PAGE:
By Brooke Viggiano
By Kaitlin Steinberg
By Mai Pham
By Kaitlin Steinberg
By Kaitlin Steinberg
By Minh T Truong
By Molly Dunn
By Brooke Viggiano
I've been to Bocados several times now, and I'm still confused whether this cozy little Montrose cottage is a cafe or a club. By club, I mean in the sense not only of a nightclub, but also of a private, members-only sort of hangout.
It's not that I've gotten the cold shoulder, exactly, it's just that I've never felt entirely sure of my welcome. At weekday lunchtimes the waitstaffers often have that burned-out, don't-bother-me look of people out too late the night before. It's hard to get those little things that mean so much: silverware, an ashtray, the check. The customers, too, haughtily sport all-black garb and hollowed eyes, which by daylight juxtapose strangely with Bocados's three cheerfully painted rooms, sunny yellow and vibrant lime and happy lavender. It's like a cast of vampires starring in a production of Up With People.
The tables in the main dining room are fitted out with crisp linens, rainbow-colored Fiestaware and bright cloth napkins. Light streams in through the windows from the patio, and the artwork has a tropi-colored Caribbean feel. How strange, by contrast, is the hulking pair of industrial-strength Peavey speakers propped on metal tripods in the corners of that small room. Dozens of CD jewel cases are stacked on a battered folding table at the front of the room, along with a high-tech turntable and other oddments of DJ sound gear trailing power cords.
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"Well, you know, we're really a club at night, especially on Wednesday nights. That's what all this stuff is for," explained the bartender. Wednesday night, he told me, is "ladies night" for the Montrose lesbian community. "We need some real powerful speakers for that," he added. That's when I noticed the red and blue police flashers atop the speakers. Hmm.
He proudly demonstrated the new turntable for me, which runs backward or forward at the touch of a button. Cardboard boxes and broken ice chests full of old LPs crowded the floor behind him. "I just love vinyl," he said, with a dreamy look on his face. "It's so cool."
When its cafe persona is uppermost, though, Bocados dishes out decent upscale Tex-Mex. It starts with paper-thin, crisp tortilla chips and a cup of world-class salsa: chunky with fresh tomatoes, sparked with cilantro, rough-cut onions and a respectable jolt of jalapeño. The salsa's served at room temperature, thank you, neither trendily heated nor icebox cold; I'd match it against any contender in town.
Perhaps my favorite plate is the "Bocaditos Sampler" ($13), a feast easily big enough for two. The centerpiece is a small dish of seviche, fresh and tart, plentifully stacked with shrimp, fish, tomatoes and bits of avocado. Two by two, little bites of other things ring the seviche, including a pair of outstanding crab cakes, plump, moist and just barely bread-crumbed, as well as battered-and-fried jalapeños stuffed with shrimp and mozzarella cheese. Those two crab cakes alone -- the pair $8 if ordered $agrave; la carte -- make the sampler a real bargain.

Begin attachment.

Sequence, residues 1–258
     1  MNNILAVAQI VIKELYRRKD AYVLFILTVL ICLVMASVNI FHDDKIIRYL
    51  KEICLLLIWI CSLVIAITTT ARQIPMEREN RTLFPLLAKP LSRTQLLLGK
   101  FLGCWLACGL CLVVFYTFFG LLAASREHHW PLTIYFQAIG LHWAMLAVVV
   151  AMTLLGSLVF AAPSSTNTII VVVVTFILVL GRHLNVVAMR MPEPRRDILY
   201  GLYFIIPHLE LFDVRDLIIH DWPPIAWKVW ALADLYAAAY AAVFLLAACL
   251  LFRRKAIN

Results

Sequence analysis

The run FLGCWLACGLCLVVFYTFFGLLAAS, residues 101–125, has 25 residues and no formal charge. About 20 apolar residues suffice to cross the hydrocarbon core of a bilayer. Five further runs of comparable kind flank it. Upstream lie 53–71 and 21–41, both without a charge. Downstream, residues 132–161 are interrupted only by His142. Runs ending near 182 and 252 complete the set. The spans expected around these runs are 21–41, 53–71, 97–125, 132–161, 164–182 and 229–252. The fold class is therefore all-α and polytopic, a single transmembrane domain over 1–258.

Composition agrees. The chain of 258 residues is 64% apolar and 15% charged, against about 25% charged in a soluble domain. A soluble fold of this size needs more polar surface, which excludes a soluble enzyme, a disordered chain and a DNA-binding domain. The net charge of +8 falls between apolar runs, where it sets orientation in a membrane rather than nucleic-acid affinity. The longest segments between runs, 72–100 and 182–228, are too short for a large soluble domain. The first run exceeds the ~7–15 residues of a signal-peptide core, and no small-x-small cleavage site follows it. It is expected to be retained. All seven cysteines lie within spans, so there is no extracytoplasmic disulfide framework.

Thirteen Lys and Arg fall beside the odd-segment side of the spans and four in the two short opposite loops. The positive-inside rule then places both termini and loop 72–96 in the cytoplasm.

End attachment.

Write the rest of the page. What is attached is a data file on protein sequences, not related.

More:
I loved the golden-brown, flaky pastry of the empanadas but got a little bored with the underseasoned filling of chicken, cheese and mushrooms. Similarly, the beauty of the quesadillas lies in the delicate housemade flour tortillas, not in the standard-issue stuff within, more cheese and chicken, ho hum. Fortunately there's plenty of good guacamole to swab over these lesser creations, and always more of that salsa for dipping.
As far as I can tell, the sampler platter really does round up the best of Bocados's appetizers. We strayed from it only once, to try the calamari ($7). The squid is lightly battered and deftly fried tender, and the serving size is generous enough to function as a full meal, but the thick marinara sauce was way too sweet for my taste, hijacked by too much tomato paste, I'd guess. So it was house salsa to the rescue, again.
For bigger meals, it's easy to choose from fewer than a dozen entrées. The menu is a minimalist masterpiece, a small card that quietly lists an item's name -- tortilla soup, say, or chili relleno -- followed by an unadorned single or double digit to indicate the price. "Wow, they've done away with decimal points," marveled a friend. "Not even a dollar sign!"
Snapper is offered either grilled or blackened ($14), and we were very happy with the blackened version. The fish fillet was perfectly flaky with just the right warmth of Cajun seasoning, and dressed with a light, seductive lemon-tequila sauce. If it hadn't been so masterfully done, we'd have been cranky with the surprisingly small serving; the palm-size fillet needed that pretty halo of oval-sliced steamed vegetables to fill out its big, bright plate.
The flautitas ($7) were crisp outside and filled with admirably moist chicken inside; good, but again, small. I understand that the word bocado in Spanish refers to "mouthful." I respect the notion of a more modest meal -- so many local restaurants over-portion, I think -- but I sometimes resent the disproportionate bite Bocados takes out of my wallet; more like a mordida than a bocado.
Speaking of bites, I lost interest three forkfuls into the egg-battered chili relleno ($8), stuffed with great gobs of melted cheese in which I discovered just a few lonely mushrooms. I found myself wishing for a little meat, maybe, or an extra veggie or two, anything to break up the mozzarella monotony. The rice and beans that accompanied it, on the other hand, were superlative. The red Mexican rice was fine-grained and firm, with an almost nutty flavor. The pinto beans were served soupy charro-style with lots of smoky bits of pork bobbing about. By then we were on our second basket of those gorgeous tortillas, so I wasn't totally overwhelmed by snapper envy.